There certainly were more players this year: Companies that had no interest in the telecommunications industry when the quadrennial Telecom was last held were now elbowing their way among the more established companies at the trade show.
But these more established companies are struggling as well. In contrast to such trade shows as the Comdex computer shows, where most exhibiting companies didn't even exist 10 years ago, most of the Telecom exhibitors have been around for decades. These telecom carriers are facing revolutionary changes-with some, like France Telecom, kicking and screaming all the way.
Competition is becoming a fact of life in the telecom industry, as companies around the world are privatizing. For many, this means providing true customer service for the first time. For all, it means a new way of thinking and a heightened marketing challenge.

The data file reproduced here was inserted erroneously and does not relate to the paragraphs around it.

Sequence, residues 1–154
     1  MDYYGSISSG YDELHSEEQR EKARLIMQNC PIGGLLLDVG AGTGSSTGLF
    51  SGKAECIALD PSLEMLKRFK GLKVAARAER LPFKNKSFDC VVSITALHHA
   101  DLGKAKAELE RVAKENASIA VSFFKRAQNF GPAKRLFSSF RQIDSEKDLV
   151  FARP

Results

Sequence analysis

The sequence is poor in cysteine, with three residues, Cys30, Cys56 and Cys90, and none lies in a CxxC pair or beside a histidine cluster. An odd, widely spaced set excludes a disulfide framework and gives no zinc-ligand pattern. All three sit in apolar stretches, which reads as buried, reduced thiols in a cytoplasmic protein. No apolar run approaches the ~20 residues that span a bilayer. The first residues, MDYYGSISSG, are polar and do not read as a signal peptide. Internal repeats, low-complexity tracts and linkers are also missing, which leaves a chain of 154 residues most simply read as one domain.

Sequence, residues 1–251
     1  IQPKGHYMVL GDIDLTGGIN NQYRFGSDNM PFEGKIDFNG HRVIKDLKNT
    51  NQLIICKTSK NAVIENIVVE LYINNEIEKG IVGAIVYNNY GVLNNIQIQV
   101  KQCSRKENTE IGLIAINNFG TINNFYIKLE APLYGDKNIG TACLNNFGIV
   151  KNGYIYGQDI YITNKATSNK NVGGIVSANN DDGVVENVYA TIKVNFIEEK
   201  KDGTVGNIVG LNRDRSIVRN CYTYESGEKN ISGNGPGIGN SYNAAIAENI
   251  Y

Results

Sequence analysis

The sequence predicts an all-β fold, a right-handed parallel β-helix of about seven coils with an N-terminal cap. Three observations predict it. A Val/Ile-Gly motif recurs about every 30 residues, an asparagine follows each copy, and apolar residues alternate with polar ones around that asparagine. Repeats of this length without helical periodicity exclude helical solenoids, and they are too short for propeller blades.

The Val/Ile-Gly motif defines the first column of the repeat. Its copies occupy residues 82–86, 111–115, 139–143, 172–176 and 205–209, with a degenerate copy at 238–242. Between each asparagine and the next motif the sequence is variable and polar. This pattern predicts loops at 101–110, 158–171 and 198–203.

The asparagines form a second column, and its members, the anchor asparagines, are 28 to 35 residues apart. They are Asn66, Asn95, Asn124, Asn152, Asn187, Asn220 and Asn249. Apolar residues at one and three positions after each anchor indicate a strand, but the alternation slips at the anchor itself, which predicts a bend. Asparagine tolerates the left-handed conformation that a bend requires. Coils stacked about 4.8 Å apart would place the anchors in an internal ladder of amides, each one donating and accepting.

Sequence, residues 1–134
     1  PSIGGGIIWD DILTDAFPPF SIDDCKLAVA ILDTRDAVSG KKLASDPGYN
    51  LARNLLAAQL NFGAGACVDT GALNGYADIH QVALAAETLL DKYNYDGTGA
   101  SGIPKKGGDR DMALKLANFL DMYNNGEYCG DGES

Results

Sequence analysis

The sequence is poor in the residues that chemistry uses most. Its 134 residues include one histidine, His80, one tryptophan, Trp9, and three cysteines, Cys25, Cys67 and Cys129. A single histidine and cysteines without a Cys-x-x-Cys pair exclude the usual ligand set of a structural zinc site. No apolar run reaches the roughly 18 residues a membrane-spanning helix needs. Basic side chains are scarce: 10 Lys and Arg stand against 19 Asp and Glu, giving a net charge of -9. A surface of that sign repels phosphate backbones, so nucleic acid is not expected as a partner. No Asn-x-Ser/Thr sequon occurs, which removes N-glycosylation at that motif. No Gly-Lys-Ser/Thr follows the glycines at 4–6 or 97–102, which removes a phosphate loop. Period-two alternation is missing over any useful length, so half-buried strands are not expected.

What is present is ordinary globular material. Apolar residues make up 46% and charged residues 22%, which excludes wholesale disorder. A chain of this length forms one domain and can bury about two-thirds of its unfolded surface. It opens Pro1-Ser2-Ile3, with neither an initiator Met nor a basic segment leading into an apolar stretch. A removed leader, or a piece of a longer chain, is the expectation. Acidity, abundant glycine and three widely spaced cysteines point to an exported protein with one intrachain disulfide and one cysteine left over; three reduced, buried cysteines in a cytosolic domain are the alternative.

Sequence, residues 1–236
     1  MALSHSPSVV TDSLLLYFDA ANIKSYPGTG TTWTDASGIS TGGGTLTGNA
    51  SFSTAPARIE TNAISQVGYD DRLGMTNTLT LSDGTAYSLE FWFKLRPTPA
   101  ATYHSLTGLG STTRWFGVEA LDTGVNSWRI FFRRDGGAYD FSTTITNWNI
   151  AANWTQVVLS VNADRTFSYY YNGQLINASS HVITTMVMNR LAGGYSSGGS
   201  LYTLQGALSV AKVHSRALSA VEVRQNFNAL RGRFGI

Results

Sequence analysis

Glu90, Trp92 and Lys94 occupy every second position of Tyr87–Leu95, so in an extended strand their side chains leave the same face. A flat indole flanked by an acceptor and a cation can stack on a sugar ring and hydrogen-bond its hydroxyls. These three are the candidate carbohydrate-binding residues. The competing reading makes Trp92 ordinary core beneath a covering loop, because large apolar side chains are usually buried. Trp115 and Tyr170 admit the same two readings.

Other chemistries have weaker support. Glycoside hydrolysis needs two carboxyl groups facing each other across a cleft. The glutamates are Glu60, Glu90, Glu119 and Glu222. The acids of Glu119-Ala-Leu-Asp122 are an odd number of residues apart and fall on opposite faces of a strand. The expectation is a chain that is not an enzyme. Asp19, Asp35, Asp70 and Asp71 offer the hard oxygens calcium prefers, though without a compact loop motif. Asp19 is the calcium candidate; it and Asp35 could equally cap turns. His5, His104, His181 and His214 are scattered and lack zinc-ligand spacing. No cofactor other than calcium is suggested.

Robert Allen, chairman of AT&T, acknowledged that even his company-which has faced competition for more than 10 years, and which is undergoing its second massive breakup to better compete in the changing marketplace-needs to raise its identity.
"We need to capture an identity with the [global] consumer equal to the one [we have] in the United States," he said at the conference. When asked how he would do that, he replied, "It's surprising how a large advertising budget can help spread your identity."
Pressed further, Mr. Allen confirmed what an AT&T spokeswoman told me weeks earlier: that AT&T may use the familiar bell logo in its quest for wider brand identity. "The bell might be a good logo to use. The `Ring the Bell' logo has worked well in the U.S. for a hundred years."
Advertising Age International will take a closer look at the marketing challenges facing the telecommunications industry in our January issue. As this industry goes global, it will provide a marketing example for other industries.
In our September issue, we introduced "Talk of the Globe." The new feature takes a look at marketing issues with a global perspective, through the eyes of consumers-"people on the street"-as well as advertising and marketing experts. In this issue (see Page I-3), we examine how consumers and marketers react when their homegrown products or services are challenged by companies outside their borders. These marketing battles continue to erupt around the world-some on a global scale, as the telecommunications industry can attest.